měl’ən-kō’lē-ə

a mental condition characterized by great depression of spirits and gloomy forebodings.

:  a mental condition and especially a manic-depressive condition characterized by extreme depression, bodily complaints, and often hallucinations and delusions

A mental disorder characterized by depression, apathy, and withdrawal.

Freud termed melancholia as a type or relation of mourning where the patient cannot easily identify the source of the feelings of loss being experienced.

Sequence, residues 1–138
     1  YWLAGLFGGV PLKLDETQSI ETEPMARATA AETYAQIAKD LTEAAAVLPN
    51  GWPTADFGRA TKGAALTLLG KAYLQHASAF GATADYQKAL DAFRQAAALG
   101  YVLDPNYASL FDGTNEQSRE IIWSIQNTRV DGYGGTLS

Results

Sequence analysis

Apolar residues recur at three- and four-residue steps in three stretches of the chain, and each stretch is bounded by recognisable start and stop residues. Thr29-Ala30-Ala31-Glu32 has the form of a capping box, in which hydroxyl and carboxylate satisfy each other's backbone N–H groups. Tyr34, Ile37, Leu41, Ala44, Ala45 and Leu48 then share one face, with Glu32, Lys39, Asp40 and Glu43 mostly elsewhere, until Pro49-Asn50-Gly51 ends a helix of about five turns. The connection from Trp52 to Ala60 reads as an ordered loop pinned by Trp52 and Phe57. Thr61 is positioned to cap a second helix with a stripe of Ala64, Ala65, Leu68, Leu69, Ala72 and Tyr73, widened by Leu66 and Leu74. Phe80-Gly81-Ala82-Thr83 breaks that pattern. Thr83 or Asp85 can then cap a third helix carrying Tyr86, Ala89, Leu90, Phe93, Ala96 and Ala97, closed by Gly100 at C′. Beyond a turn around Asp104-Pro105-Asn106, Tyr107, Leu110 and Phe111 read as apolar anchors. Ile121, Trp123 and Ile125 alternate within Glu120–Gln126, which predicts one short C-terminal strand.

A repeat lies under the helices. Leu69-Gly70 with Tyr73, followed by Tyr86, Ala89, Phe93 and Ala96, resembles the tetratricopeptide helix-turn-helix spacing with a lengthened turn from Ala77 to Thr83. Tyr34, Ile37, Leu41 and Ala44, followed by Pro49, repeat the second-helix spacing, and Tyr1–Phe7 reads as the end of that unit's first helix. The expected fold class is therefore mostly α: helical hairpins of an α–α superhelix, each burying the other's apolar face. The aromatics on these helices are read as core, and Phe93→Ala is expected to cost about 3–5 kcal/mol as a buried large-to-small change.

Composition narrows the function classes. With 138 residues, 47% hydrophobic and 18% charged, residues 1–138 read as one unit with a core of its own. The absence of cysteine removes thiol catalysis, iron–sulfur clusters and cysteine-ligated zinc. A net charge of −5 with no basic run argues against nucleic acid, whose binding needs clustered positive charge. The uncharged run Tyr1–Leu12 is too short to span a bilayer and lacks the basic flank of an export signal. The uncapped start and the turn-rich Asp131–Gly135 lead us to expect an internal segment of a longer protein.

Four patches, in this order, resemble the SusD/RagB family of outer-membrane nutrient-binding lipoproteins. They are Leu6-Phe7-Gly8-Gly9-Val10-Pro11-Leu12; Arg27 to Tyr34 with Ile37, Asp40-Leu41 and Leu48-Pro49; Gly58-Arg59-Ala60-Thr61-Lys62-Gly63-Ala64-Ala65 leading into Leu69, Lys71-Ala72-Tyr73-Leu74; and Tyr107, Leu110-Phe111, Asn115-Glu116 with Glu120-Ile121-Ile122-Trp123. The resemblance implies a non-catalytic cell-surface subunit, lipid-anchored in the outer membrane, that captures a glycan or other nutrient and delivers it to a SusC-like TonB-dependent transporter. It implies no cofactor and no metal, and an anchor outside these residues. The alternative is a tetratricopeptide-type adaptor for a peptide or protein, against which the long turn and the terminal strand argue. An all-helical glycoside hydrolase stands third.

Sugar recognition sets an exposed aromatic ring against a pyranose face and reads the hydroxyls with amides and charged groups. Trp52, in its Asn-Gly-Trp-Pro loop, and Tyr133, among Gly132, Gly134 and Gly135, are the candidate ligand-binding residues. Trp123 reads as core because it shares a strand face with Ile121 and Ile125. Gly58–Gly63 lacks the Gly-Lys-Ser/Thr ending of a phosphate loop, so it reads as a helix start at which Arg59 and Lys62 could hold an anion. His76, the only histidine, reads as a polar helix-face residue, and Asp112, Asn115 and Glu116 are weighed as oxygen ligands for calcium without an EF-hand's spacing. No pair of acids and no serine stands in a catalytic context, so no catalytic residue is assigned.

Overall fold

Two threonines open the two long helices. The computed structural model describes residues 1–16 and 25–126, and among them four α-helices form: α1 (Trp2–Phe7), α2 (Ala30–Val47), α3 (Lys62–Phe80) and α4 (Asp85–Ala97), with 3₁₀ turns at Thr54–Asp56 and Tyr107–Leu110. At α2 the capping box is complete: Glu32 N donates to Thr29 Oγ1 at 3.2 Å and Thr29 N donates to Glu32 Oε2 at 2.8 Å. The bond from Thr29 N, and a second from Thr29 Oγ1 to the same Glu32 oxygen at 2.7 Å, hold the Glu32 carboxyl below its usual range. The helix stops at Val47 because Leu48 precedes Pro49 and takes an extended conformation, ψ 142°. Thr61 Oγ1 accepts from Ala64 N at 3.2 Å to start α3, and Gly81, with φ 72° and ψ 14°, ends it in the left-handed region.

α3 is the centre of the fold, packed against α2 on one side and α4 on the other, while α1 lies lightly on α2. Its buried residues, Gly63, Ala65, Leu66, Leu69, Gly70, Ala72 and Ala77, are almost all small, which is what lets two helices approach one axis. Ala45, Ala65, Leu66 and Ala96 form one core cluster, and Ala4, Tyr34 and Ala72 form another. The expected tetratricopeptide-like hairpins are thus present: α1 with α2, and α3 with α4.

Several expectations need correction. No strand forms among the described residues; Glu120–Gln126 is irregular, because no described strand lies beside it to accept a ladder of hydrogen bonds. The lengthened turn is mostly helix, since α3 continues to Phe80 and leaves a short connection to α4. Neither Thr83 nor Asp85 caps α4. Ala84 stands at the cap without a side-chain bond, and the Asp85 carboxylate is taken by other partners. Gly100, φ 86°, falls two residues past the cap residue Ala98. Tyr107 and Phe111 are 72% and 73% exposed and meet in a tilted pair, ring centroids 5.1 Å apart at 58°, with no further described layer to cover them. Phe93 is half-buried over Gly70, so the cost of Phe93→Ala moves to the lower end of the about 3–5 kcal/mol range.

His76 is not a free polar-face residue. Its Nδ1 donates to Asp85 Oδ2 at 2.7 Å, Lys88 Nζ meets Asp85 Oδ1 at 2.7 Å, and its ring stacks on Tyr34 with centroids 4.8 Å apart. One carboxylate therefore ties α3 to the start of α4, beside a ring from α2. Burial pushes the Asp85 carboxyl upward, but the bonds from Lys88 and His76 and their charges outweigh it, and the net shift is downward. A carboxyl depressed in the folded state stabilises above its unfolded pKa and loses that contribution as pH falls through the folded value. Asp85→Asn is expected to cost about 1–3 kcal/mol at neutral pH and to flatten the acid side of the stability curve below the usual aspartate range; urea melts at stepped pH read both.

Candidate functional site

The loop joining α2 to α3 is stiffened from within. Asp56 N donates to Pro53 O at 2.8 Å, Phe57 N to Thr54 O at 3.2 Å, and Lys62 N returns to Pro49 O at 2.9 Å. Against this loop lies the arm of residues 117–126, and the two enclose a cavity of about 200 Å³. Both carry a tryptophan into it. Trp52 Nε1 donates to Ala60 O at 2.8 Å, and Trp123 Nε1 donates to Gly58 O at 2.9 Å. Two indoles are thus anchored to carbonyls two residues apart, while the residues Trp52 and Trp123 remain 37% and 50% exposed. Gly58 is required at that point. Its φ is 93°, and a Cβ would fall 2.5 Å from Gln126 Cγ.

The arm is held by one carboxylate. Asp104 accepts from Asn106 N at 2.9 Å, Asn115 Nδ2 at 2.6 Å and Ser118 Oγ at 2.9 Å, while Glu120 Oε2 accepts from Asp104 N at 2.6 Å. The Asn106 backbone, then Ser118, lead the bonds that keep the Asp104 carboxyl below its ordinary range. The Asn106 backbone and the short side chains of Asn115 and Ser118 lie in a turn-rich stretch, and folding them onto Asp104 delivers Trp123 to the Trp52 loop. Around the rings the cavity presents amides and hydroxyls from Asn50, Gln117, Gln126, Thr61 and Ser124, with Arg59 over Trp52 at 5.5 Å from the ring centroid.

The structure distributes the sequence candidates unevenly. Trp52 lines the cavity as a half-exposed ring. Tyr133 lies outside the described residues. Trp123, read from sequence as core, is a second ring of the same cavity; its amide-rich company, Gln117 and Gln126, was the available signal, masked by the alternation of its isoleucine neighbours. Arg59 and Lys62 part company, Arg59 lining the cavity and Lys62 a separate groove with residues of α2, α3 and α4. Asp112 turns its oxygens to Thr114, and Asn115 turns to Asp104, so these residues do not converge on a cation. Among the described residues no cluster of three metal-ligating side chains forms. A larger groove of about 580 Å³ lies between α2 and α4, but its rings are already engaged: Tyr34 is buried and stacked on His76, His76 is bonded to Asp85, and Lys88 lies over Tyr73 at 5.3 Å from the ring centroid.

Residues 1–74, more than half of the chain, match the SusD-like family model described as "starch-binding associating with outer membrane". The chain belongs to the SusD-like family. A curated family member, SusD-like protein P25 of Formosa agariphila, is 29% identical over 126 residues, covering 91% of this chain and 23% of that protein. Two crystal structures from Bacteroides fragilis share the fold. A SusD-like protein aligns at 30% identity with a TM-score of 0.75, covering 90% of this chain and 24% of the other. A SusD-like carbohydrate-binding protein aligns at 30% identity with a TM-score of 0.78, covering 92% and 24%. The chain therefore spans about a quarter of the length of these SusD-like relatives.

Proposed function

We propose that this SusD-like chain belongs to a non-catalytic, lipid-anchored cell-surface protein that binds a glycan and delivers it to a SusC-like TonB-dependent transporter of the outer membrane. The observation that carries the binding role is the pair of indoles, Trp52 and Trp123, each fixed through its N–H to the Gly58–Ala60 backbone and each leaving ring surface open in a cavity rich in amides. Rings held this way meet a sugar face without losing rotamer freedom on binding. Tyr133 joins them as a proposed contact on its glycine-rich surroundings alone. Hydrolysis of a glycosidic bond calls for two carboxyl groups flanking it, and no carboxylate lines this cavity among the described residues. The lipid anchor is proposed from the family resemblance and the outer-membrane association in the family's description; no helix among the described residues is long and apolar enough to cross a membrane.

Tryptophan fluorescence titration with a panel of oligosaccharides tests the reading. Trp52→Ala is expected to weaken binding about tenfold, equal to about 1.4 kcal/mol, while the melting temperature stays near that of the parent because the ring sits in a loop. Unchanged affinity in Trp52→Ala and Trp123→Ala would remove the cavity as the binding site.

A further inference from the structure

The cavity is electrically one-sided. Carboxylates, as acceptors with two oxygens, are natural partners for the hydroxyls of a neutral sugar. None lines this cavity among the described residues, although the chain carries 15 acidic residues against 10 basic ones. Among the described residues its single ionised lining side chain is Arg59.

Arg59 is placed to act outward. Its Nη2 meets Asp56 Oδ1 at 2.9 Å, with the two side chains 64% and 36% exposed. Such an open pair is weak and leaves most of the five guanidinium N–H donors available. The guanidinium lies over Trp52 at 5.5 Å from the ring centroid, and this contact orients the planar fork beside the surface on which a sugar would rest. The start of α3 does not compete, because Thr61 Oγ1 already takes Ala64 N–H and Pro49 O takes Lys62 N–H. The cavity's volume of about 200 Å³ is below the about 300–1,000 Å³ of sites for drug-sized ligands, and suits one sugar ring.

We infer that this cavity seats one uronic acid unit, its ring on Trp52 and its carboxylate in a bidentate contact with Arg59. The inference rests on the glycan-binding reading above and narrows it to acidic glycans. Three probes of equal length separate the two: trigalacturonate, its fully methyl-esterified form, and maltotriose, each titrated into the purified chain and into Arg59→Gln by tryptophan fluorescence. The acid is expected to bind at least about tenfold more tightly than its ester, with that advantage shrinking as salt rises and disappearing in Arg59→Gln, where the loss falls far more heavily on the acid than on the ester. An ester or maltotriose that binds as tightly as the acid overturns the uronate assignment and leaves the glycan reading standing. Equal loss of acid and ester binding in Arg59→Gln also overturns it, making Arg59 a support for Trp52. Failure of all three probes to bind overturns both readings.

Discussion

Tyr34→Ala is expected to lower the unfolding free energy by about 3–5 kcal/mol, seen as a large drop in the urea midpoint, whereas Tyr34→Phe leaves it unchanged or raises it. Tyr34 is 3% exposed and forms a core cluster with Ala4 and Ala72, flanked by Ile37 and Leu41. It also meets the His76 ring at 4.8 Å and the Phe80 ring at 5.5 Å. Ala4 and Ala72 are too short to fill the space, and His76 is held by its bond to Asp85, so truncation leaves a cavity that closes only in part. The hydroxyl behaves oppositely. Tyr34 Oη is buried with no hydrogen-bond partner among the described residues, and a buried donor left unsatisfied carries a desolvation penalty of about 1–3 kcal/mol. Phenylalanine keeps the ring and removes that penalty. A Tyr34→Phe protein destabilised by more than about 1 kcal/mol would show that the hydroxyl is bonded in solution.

When the entire Civic Theatre is vibrating from the sound of a collision between Earth and the rogue planet Melancholia, and the entire theatre is sitting enthralled, and then it cuts to silence, and there is automatic applause, just because of how epic the moment is.  This is a film that can not be experienced again in the same way after all the glory of a multi-use venue like the Civic Theatre.  No cinema can give you the feeling that the building just might collapse around you from the utter awesomeness of the soundwaves being produced.  In that moment the world ended.  A pity for those who couldn’t stay to experience it because the story made them uncomfortable or they were bored or just didn’t like the style.  Despite this likely being his most accessible film to date, Lars von Trier is still not to be undertaken lightly.  And it showed.  It’s also funny how the people who chose to leave are so often the ones sitting right in the middle of the theatre, thus disturbing the maximum number of people in their bid to escape.  I can both understand their need to leave, and at the same time can’t.  It is a psychologically dark film—how could it not be given the subject matter—maybe some people just aren’t cut out with confronting mental illness in this way.  I don’t know.  Nothing but nothing could have induced me to get up out of my seat.

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